If you’ve been following the news, you’ve probably seen or read something about this whole college admissions scandal. In mid-March, the Department of Justice busted a bunch of rich and famous people in a nationwide scheme in which parents paid people to cheat on SAT or ACT exams and/or bribed school officials to help get their children into particular schools. It’s the largest college admissions case brought by the Department of Justice, and it’s getting a lot of press because of the people involved – famous actresses, bigshot lawyers, bigwig finance people, etc.
This bribery scandal is interesting to me, not really because of all the bribery details, but because of what this whole thing says about the craziness that a lot of us have when it comes to prestige. In this case, these parents were willing to pay hundreds of thousands of dollars in order to get their kids into elite schools – schools that, in my opinion, probably won’t make that much of a difference in their lives.
Think about it. There are pretty much two types of kids involved in this whole scandal. The first are kids like me (and probably many of you) – decently smart and hard-working, but just not quite good enough to get into the uber-elite schools. These type of kids will probably do just fine no matter where they go to school, especially when you consider the parents that these kids have and the resources and connections they’ll have access to as a result.
The second type of kid involved in this scandal are the lazy, screw-up kids. I’m sure people can change, but my guess is that an 18-year-old lazy, screw-up kid is probably not going to suddenly become an amazing student just because they’re going to an elite school. If anything, wouldn’t they just fail out?
Given these two facts, what was this whole college admissions scandal about? On its face, it’s about parents trying to help their kids succeed. But in reality, I don’t think it’s about the kids. It’s about the parents and their desire for prestige. And as can be demonstrated from this whole scandal, prestige can control us to the point that we do crazy things.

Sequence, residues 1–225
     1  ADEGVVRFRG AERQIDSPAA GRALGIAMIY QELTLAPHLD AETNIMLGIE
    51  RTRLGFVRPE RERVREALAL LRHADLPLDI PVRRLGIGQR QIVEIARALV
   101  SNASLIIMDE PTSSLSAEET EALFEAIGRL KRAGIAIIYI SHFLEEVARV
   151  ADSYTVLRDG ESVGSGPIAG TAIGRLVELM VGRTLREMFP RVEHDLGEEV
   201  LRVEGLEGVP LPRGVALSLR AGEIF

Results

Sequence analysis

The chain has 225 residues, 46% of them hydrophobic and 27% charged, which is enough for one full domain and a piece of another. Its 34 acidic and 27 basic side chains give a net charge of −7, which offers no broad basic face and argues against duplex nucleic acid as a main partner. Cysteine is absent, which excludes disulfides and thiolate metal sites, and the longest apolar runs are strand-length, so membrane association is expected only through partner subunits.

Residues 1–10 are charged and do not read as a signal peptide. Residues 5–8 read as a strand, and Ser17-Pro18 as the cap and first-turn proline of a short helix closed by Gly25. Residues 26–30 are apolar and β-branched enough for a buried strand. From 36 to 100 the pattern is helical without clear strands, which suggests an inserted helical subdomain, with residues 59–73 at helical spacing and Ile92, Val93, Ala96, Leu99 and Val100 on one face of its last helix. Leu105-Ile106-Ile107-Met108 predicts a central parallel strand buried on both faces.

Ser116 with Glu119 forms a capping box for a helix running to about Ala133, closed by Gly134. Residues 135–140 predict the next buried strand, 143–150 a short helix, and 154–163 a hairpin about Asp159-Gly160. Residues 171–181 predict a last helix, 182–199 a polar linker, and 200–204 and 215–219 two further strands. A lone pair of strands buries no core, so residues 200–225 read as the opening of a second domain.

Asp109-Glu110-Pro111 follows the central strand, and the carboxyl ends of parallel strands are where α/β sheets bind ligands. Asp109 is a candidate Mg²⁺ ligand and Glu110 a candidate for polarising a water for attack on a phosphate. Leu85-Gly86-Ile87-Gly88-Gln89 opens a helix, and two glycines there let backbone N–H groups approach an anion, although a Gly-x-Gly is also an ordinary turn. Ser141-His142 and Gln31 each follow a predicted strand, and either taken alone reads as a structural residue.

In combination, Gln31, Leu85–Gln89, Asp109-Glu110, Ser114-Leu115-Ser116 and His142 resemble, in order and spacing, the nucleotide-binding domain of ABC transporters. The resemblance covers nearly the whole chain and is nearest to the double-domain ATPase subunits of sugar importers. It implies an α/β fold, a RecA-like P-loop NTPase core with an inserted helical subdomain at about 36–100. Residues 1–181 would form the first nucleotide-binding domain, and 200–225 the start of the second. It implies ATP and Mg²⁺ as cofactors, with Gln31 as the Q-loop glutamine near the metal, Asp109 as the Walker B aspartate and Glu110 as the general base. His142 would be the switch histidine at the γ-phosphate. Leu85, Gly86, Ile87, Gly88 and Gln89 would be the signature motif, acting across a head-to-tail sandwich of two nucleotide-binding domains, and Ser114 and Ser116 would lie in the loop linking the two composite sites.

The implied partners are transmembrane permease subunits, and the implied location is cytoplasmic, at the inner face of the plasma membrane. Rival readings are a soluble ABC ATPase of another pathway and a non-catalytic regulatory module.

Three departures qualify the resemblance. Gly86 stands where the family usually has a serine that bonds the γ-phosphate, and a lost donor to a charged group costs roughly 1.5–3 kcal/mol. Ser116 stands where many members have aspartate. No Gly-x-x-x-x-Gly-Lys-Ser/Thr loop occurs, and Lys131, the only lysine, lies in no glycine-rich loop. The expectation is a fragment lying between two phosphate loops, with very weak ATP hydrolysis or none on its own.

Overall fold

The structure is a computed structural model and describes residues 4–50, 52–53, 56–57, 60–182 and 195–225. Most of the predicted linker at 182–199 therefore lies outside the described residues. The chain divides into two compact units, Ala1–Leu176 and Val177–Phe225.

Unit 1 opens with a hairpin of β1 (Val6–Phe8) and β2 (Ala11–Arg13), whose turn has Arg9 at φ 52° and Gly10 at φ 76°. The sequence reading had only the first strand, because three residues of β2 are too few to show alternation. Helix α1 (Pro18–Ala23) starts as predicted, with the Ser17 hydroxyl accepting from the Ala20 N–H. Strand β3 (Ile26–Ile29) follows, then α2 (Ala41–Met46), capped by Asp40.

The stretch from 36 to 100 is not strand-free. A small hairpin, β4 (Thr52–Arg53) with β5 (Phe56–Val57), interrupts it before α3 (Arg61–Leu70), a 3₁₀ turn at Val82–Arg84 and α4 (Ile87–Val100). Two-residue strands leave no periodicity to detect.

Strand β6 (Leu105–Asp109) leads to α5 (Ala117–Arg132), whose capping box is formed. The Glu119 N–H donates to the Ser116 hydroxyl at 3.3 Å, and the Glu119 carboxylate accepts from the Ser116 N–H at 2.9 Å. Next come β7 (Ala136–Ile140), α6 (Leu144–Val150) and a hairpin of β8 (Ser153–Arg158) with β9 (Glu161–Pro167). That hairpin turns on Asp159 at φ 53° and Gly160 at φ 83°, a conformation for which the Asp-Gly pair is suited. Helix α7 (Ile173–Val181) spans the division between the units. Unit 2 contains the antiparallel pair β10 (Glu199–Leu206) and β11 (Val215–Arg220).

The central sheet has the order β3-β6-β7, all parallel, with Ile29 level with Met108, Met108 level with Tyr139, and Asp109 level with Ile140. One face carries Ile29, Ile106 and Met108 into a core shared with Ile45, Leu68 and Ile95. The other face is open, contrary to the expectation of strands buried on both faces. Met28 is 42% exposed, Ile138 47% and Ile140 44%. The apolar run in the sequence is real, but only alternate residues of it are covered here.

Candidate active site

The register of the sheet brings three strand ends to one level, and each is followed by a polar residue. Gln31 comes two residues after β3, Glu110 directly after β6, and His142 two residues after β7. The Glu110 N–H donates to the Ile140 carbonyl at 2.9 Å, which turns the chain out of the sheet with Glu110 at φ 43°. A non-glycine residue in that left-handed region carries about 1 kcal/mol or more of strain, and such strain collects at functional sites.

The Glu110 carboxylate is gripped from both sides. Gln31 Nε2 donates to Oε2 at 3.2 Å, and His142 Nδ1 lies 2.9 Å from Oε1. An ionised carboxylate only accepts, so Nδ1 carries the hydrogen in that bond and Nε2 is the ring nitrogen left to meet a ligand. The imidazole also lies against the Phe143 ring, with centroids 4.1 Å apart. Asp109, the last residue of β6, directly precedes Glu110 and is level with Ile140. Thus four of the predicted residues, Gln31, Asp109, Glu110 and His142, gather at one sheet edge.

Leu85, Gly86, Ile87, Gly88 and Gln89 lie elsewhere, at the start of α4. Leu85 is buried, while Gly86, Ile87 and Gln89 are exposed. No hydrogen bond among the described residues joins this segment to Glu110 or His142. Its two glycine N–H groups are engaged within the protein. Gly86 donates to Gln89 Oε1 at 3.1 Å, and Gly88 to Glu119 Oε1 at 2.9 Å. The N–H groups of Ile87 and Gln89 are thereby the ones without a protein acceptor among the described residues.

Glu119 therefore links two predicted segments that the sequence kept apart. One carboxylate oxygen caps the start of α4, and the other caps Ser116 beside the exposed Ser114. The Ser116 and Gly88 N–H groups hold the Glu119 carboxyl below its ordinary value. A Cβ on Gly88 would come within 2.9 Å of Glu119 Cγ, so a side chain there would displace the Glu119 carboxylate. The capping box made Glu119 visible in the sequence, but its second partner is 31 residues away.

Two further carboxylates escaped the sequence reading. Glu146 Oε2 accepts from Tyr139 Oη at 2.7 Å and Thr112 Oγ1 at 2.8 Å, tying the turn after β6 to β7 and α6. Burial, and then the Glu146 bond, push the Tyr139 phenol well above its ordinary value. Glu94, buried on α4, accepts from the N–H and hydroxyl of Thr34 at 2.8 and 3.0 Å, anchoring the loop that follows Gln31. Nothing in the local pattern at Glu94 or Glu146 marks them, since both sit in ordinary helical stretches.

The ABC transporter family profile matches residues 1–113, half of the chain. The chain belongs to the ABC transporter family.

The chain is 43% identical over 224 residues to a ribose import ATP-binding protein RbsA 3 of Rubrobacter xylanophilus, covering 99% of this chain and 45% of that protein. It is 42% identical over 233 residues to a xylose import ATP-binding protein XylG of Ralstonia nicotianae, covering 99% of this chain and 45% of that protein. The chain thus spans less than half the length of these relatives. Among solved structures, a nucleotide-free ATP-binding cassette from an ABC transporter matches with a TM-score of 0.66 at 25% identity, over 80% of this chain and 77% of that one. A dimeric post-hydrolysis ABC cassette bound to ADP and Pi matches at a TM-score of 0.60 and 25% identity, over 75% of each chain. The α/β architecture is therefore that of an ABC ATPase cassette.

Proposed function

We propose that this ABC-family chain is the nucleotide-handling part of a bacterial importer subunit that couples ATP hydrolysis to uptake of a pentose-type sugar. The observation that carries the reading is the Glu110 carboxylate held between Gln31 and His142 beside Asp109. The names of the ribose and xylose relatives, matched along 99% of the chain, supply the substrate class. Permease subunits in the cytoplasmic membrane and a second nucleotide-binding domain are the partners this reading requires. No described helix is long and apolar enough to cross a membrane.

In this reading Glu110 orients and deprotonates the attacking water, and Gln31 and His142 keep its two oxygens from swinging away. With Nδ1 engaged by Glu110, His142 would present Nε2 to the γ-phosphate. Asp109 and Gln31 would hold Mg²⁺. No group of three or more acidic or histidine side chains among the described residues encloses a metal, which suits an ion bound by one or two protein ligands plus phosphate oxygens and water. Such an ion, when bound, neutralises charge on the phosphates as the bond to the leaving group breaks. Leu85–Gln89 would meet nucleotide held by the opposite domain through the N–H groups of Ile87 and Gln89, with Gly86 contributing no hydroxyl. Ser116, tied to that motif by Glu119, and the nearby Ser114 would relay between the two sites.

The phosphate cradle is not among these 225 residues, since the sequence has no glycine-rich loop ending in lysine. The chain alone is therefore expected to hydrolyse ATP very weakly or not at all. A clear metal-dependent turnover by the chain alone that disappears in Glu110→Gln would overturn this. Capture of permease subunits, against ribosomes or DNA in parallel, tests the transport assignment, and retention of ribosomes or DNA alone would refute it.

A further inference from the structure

A Lot Of College Is About Prestige, Not The Education
I’ve always found the Ivy League and elite college thing interesting, as I think a lot of us think these schools are a bigger deal than they really are. One of my favorite articles is a 2005 New Yorker article by Malcolm Gladwell in which he writes about the world of Ivy League admissions (say what you will about Gladwell, but I’ve always liked his stuff, even if he sometimes doesn’t look at the nuances of things all that much).
In his article, Gladwell made the point that the choice of college was really about the branding aspect of it – not what the school actually did for you as a person. Elite schools don’t necessarily create successful students. Instead, they tend to churn out more successful students, not because the school made the student successful, but because the students entering these schools were more likely to be the type of student that would be successful.
In other words, someone good enough to get into an uber-elite school would probably have the drive and motivation to do well anywhere they went. Indeed, this has been demonstrated to some extent by studies showing that students that were admitted into two schools, one elite, and one less elite, ended up doing about the same from an income point of view later in life. The school didn’t matter as much as the person going to that school.
I first read this New Yorker article when I was already in college, but a lot of the points in the article made sense to me, especially because I had just gone through the whole college admissions process. At the time, I’d really wanted to get into uber-elite schools like Michigan or UCLA (one of the schools named in the scandal). I didn’t get into either school and ended up going to the University of Wisconsin – still obviously a good school, but not so good that my parents were bragging about it to their friends.